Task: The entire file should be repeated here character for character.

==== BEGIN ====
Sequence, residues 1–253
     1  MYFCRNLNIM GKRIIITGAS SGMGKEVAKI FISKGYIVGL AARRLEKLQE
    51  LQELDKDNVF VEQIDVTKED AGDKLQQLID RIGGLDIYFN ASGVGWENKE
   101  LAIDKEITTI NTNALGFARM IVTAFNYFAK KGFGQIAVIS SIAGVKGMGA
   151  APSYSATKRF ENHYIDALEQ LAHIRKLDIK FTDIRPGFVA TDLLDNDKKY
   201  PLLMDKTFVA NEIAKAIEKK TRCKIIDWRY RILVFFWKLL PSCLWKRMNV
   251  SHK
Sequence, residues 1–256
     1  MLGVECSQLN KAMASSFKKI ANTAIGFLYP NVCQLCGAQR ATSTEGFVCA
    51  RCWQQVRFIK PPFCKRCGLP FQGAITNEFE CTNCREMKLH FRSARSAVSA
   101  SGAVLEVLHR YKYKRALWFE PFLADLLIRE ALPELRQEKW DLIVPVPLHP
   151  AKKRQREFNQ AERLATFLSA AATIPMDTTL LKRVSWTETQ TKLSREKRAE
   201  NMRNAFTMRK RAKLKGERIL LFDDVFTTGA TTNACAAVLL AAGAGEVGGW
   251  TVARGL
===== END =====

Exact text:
Sequence, residues 1–253
     1  MYFCRNLNIM GKRIIITGAS SGMGKEVAKI FISKGYIVGL AARRLEKLQE
    51  LQELDKDNVF VEQIDVTKED AGDKLQQLID RIGGLDIYFN ASGVGWENKE
   101  LAIDKEITTI NTNALGFARM IVTAFNYFAK KGFGQIAVIS SIAGVKGMGA
   151  APSYSATKRF ENHYIDALEQ LAHIRKLDIK FTDIRPGFVA TDLLDNDKKY
   201  PLLMDKTFVA NEIAKAIEKK TRCKIIDWRY RILVFFWKLL PSCLWKRMNV
   251  SHK
Sequence, residues 1–256
     1  MLGVECSQLN KAMASSFKKI ANTAIGFLYP NVCQLCGAQR ATSTEGFVCA
    51  RCWQQVRFIK PPFCKRCGLP FQGAITNEFE CTNCREMKLH FRSARSAVSA
   101  SGAVLEVLHR YKYKRALWFE PFLADLLIRE ALPELRQEKW DLIVPVPLHP
   151  AKKRQREFNQ AERLATFLSA AATIPMDTTL LKRVSWTETQ TKLSREKRAE
   201  NMRNAFTMRK RAKLKGERIL LFDDVFTTGA TTNACAAVLL AAGAGEVGGW
   251  TVARGL